MdHS cataloger Kristi Thomas recently pulled together all of the institution’s holdings on the French Spoliation Claims, a little-known group of pamphlets and documents on a long-forgotten episode during which thousands of citizens sought compensation from the federal government for ships and cargoes captured and destroyed during the Quasi-War with France, 1797–1801. This international drama offers another look at Baltimore’s merchant history, through diplomatic relations and, as many of the cases took more than a century to resolve, provides additional information on some of the city’s oldest families and their descendants.*
The events of the Quasi-War paint a stark contrast to the well-known history of friendly diplomatic relations between the United States and France. A Frenchman, the Marquis de Lafayette, fought alongside General George Washington, and
French forces catapulted the Americans to victory over the British during the Revolutionary War. The country sought a formal alliance with the new United States after the British defeat at the Battle of Saratoga in 1777. Benjamin Franklin negotiated the 1778 Treaty of Alliance in Paris, guaranteeing American support if the British should break the current peace between the two countries, “either by direct hostilities, or by (hindering) her commerce and navigation.” In exchange, France gave full financial and military support to the American Revolution—at a final cost of $280,000,000 and thousands of lives. Twenty years later, the young country reneged on its promise to France . Britain engaged the newly-formed French Republic in war, but the United States chose to remain neutral. This inaction roused French indignation on “breach of faith and gross ingratitude.” Other diplomatic mishaps ratcheted the tension between the two countries, and soon they were fighting an official undeclared war from 1787 to 1801. France retaliated to the American hostilities by capturing and condemning ships and confiscating cargoes. The naval skirmishes never escalated into a full-scale war, but both countries lost numerous ships and precious cargoes.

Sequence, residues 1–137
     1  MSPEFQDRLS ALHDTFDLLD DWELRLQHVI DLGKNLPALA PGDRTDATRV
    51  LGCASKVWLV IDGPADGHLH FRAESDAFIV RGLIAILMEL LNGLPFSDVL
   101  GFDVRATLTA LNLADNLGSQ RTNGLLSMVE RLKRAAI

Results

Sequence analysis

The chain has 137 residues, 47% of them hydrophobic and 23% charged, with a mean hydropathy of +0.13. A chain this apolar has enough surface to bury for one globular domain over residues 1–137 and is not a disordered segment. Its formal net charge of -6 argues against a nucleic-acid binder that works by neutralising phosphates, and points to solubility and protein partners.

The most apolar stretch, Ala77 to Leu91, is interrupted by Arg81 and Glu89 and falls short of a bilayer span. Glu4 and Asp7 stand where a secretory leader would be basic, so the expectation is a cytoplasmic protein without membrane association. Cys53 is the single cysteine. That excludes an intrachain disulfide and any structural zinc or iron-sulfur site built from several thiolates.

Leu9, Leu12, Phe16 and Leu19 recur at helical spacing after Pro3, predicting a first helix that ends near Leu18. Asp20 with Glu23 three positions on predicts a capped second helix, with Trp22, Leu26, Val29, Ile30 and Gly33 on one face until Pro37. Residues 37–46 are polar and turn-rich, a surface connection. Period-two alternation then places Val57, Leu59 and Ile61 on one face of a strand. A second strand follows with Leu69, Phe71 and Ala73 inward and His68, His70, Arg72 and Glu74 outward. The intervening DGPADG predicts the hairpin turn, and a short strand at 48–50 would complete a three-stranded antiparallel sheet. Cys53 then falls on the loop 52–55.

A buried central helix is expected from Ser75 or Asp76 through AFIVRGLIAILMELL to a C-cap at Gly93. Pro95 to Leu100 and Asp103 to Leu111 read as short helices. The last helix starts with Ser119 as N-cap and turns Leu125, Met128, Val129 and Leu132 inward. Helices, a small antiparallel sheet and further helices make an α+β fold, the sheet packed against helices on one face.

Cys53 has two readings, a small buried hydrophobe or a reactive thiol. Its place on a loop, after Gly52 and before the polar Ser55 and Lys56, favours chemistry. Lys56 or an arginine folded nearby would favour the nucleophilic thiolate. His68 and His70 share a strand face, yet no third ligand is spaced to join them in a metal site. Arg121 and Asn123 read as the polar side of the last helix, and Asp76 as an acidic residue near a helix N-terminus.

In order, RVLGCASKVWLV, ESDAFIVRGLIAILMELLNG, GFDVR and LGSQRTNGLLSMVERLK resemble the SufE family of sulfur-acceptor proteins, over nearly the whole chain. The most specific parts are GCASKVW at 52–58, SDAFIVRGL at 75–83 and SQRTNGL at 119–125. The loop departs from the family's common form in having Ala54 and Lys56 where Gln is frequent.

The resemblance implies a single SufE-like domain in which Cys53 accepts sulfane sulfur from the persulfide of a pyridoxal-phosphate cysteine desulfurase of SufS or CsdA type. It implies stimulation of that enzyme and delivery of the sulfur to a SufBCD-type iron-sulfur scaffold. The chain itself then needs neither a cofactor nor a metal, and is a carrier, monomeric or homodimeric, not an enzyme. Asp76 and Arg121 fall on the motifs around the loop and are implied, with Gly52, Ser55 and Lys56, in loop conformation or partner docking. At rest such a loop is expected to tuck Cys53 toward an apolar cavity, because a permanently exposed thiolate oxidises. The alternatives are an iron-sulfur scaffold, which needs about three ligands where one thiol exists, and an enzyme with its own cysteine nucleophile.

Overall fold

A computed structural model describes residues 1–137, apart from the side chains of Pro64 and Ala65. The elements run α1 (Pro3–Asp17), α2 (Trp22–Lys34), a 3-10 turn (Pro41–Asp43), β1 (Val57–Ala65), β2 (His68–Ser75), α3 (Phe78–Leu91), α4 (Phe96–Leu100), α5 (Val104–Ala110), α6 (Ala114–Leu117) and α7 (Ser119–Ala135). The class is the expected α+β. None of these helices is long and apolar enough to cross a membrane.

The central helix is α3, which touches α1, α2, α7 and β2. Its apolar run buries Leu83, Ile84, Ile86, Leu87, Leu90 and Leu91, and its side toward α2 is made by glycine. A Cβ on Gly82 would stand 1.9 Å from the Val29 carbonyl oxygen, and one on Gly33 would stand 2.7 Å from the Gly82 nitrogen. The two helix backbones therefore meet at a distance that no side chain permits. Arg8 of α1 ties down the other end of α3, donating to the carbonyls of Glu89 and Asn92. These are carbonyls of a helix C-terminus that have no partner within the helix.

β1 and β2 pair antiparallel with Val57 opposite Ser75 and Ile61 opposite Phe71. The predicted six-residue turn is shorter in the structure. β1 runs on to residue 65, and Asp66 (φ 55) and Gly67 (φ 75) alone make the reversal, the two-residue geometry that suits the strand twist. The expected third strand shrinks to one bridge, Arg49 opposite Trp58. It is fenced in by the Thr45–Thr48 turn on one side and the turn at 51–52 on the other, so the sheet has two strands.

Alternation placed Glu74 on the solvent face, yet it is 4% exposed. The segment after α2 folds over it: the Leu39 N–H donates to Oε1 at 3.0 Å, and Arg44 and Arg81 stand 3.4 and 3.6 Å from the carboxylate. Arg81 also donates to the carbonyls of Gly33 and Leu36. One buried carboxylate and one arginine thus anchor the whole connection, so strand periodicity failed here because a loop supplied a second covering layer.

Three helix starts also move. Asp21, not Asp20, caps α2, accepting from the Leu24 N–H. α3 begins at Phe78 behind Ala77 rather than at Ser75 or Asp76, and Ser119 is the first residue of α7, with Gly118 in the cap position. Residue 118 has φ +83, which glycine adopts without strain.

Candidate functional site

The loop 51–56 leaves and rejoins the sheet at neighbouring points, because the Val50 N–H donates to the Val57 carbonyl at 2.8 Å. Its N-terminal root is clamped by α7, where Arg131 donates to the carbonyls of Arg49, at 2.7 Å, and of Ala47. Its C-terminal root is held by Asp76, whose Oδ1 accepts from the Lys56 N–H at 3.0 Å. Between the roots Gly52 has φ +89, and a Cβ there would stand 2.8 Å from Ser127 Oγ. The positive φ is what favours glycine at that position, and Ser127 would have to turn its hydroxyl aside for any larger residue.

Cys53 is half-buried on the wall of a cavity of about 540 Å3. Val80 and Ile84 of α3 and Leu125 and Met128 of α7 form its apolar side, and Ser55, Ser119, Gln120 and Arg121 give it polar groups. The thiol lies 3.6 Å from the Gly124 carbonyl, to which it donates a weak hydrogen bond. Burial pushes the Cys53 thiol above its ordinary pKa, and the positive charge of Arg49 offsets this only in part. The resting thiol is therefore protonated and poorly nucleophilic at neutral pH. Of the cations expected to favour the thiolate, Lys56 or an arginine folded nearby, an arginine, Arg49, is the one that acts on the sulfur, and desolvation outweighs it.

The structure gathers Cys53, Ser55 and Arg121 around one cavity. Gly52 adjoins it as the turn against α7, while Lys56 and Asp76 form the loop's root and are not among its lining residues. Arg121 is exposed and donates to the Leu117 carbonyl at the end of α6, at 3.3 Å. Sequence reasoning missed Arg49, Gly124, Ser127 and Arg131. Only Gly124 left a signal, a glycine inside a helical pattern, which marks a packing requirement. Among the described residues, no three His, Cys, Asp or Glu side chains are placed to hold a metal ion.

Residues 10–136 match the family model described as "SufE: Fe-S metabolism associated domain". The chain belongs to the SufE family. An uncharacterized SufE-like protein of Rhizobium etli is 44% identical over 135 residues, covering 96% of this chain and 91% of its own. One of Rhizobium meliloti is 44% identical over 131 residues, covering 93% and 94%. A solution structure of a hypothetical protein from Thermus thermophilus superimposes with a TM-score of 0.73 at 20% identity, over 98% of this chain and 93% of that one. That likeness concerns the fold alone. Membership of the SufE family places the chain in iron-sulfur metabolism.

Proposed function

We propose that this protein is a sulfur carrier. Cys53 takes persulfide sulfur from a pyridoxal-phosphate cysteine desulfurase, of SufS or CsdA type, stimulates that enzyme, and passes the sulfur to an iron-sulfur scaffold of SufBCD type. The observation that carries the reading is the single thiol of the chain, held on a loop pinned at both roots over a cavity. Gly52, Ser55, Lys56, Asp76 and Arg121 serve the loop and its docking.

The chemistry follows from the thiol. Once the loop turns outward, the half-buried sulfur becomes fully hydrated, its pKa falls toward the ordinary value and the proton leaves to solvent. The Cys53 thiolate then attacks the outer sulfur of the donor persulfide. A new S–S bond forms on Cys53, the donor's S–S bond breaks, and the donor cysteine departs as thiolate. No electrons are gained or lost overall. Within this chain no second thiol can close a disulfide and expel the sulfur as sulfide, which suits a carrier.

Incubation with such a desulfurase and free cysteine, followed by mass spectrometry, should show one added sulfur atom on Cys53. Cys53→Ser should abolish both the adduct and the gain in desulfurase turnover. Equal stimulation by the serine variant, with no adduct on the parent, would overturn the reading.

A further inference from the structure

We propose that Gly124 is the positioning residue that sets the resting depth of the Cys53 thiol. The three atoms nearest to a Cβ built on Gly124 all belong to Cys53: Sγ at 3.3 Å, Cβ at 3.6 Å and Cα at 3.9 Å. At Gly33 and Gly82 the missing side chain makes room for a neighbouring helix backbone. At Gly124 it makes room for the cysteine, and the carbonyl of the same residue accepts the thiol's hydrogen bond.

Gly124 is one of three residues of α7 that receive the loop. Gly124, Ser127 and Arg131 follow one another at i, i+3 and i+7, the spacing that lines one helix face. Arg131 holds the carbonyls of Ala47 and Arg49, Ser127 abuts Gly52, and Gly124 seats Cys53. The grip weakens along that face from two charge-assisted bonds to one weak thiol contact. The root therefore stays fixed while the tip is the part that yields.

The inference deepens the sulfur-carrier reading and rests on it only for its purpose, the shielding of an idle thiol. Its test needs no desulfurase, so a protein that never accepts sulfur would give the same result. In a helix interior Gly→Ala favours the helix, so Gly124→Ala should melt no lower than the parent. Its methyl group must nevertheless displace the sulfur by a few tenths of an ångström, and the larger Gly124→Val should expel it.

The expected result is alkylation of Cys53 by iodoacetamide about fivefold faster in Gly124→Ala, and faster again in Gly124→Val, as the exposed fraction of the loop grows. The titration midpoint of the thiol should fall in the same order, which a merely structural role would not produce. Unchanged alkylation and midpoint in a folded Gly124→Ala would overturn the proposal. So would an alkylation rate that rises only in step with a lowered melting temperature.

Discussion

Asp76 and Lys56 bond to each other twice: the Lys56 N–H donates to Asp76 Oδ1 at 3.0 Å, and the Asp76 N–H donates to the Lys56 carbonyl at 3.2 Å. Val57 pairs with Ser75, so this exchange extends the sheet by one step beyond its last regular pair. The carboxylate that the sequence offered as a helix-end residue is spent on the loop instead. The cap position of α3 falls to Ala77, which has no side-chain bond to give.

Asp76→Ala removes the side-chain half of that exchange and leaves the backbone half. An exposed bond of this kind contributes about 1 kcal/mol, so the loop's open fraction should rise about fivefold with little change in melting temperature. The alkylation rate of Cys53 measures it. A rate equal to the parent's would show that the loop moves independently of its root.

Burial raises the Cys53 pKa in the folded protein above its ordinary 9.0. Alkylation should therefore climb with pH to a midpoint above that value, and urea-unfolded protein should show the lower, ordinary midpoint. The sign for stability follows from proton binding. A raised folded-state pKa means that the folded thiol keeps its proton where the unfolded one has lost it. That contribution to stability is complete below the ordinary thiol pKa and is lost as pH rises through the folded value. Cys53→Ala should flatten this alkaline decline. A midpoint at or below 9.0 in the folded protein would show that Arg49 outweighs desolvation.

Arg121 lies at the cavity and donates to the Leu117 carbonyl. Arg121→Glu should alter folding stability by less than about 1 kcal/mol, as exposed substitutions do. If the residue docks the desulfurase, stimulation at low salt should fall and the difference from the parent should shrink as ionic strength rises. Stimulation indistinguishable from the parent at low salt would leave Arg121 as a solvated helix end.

American merchants suffered tremendously and sought compensation from the federal government. The United States later sought indemnity from France whose agents pressed counter claims. The new nation had broken the treaty by which it had been bound to give faithful help to its ally. Ultimately, after multiple negotiations, France released the U.S. from the counter claims and the guarantees in the 1778 Treaty of Alliance. Though America assumed responsibility for its citizen’s claims, the process of compensation for these so-called French Spoliation claims was anything but swift.
James H. Causten, a Baltimore lawyer,
not only fought for decades for his own compensation, but diligently served as an agent for the French spoliation claims. In 1874, shortly before his death, he compiled a list of 1,815 French captures, “vessels and cargoes (generally laden with breadstuffs and provisions) of light tonnage adjusted for duplication to 1,700, estimated at $9,000 each.” Five thousand petitions rested in Congress’s files, their authors and families, he wrote, “praying for relief” for seventy-one years.
Of that number, 191 ships belonged to Baltimore owners, among them Samuel Purviance (Ann), William Patterson (Betsey), James Jaffray (Brothers), and Philip Rogers (Bee). Others included Jacob Myer, Heth and Company, Robert Gilmore & Company, Thomas Tenant, and Robert and Alex McKim. The Maryland Insurance Company, Baltimore Insurance Company, and Chesapeake Insurance Company claimed reimbursement for monies paid to policy holders.